Developing Non-credit Healthcare Training Courses that Meet Industry Expectations

Two medical students studying in a classroom with laptops

We hear a lot about two- and four-year degrees and the work being done to help more people attain them. However, short-term certificate programs are also a viable alternative to help train people for much needed, and desirable job skills in fields such as healthcare. One program that has been successfully training students during the last 15 years is the continuing education program at Vincennes University Jasper Campus in Indiana. Approximately, 100 students per semester are enrolled at eight locations around the state.

Jim McFaul, director of the Vincennes Continuing Education program took time to discuss the work he is doing to develop and manage short-term, certificate programs that help non-traditional students gain usable skills they can then take into the workforce. Jim is also connected to the network of community members, businesses, and educators working together as part of the Workforce Innovation and Opportunity Act. Working with this group of people, Jim has been listening to local employers in the healthcare industry understanding the types of skills they need and then including them into the curricula.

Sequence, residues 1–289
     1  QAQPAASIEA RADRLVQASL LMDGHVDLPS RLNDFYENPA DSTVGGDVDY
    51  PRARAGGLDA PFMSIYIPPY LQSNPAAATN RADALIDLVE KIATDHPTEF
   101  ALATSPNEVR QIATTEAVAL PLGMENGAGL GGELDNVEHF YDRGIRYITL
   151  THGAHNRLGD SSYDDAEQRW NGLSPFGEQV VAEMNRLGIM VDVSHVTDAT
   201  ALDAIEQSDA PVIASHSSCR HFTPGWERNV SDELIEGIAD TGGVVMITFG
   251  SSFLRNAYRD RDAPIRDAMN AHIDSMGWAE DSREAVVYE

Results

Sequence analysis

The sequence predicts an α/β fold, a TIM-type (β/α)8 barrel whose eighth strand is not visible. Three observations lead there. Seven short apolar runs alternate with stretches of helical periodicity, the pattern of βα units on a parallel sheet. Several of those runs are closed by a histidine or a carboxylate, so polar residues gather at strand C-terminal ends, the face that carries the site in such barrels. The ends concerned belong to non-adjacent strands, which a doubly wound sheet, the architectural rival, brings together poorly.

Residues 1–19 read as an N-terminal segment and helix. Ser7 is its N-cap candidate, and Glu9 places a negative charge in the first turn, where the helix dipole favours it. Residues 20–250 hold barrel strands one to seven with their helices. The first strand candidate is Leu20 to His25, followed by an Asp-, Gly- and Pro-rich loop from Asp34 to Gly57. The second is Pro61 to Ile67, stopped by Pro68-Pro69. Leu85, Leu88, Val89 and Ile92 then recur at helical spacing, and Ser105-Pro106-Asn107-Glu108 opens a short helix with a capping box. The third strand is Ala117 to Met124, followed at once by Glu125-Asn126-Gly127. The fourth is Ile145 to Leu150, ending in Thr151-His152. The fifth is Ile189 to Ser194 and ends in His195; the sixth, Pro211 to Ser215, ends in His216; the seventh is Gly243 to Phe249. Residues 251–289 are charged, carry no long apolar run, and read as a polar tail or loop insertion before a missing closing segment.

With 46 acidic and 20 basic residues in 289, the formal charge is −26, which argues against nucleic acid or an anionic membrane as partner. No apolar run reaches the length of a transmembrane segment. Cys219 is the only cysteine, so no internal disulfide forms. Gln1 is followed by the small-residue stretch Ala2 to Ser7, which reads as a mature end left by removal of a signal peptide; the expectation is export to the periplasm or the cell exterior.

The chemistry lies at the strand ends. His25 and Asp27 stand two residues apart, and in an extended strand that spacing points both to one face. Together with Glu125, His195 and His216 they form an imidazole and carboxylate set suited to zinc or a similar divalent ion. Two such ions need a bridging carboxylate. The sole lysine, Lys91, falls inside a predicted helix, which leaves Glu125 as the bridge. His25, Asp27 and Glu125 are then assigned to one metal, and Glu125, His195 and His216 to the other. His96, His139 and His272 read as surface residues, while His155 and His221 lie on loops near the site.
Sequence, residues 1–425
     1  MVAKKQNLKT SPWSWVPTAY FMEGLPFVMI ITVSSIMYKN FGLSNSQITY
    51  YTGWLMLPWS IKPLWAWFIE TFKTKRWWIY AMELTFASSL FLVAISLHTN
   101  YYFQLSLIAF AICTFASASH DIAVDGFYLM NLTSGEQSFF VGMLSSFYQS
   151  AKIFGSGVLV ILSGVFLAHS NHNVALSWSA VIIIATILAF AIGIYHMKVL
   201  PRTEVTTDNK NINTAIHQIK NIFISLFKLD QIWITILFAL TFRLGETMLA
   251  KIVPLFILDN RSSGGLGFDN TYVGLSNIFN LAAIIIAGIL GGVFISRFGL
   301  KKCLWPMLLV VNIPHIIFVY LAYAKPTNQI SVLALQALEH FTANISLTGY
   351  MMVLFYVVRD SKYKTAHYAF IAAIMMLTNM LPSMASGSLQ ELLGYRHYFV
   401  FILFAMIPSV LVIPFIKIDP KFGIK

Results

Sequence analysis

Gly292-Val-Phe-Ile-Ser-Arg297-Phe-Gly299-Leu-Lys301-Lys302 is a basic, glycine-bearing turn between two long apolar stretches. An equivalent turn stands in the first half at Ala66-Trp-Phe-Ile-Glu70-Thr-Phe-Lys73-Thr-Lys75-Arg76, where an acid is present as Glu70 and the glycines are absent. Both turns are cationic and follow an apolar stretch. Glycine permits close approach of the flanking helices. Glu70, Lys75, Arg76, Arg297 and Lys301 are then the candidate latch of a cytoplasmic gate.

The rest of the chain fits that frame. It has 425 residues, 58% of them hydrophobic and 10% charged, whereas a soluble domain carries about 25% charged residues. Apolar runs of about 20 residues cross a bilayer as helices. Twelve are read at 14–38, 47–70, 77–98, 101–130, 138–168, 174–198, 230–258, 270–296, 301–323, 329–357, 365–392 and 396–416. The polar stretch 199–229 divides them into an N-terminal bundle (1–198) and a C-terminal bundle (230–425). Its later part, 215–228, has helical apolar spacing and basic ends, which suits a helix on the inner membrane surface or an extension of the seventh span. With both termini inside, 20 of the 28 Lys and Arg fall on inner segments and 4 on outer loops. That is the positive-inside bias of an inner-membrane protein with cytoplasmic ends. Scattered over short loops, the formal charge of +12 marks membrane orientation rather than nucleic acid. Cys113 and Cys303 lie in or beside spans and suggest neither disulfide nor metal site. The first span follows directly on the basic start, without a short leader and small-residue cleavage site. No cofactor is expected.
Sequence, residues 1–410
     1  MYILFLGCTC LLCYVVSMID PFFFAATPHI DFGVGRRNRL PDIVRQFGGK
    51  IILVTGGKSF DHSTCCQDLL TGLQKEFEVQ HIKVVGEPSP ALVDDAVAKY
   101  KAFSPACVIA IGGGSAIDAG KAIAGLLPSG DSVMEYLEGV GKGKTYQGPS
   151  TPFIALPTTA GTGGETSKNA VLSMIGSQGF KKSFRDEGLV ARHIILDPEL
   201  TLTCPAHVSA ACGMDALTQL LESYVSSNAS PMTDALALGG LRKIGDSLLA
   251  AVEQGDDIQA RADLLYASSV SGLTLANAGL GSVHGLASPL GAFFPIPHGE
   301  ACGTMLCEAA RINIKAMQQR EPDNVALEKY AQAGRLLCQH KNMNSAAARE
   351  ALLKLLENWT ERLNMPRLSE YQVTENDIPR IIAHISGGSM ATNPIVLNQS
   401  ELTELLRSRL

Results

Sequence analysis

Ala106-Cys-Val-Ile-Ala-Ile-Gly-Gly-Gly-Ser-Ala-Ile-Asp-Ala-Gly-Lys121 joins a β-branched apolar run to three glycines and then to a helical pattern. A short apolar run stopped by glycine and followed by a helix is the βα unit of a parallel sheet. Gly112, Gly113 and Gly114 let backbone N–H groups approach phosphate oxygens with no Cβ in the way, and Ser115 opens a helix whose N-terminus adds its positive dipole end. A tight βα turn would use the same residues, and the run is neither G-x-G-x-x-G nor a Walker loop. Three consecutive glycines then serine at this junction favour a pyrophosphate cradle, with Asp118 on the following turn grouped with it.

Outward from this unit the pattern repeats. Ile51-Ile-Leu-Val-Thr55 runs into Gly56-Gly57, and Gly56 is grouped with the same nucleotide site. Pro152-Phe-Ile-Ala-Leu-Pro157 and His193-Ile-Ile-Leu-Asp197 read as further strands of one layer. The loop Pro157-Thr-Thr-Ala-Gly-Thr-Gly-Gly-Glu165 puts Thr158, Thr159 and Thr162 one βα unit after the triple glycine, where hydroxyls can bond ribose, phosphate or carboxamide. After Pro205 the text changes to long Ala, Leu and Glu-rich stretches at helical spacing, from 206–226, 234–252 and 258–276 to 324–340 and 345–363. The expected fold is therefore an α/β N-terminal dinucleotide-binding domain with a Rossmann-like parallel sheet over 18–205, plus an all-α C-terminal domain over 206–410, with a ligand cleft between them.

The program has been meeting the needs of local businesses and has received positive feedback, especially from healthcare providers looking for medical assistants and phlebotomy technicians. Jim explains, “Just recently we received a phone call from one of the local hospitals asking us when our next group of medical assistants would be graduating because they were very pleased with the quality of the group from which they had hired previously.”

In this podcast we talk more in-depth about the program at the Jasper Campus, and explore these questions:

  • How can continuing education programs benefit the non-traditional student?
  • Why are some of your programs different from the traditional two-year degree programs?  
  • Will you talk about some of the programs you have developed and how they have benefitted the community?
  • How can colleges develop a similar type of program?



About Jim McFaul
Jim McFaul

Jim McFaul

Jim McFaul is the director of continuing education at Vincennes University Jasper Campus. He has been an administrator of continuing education programs since 1987 in both community college and large university settings, including Western Wyoming Community College – Kemmerer Outreach Office; Indiana University-Kokomo; and Western Michigan University. Jim earned a masters of art degree in Adult and Community Education from Ball State University in 1987.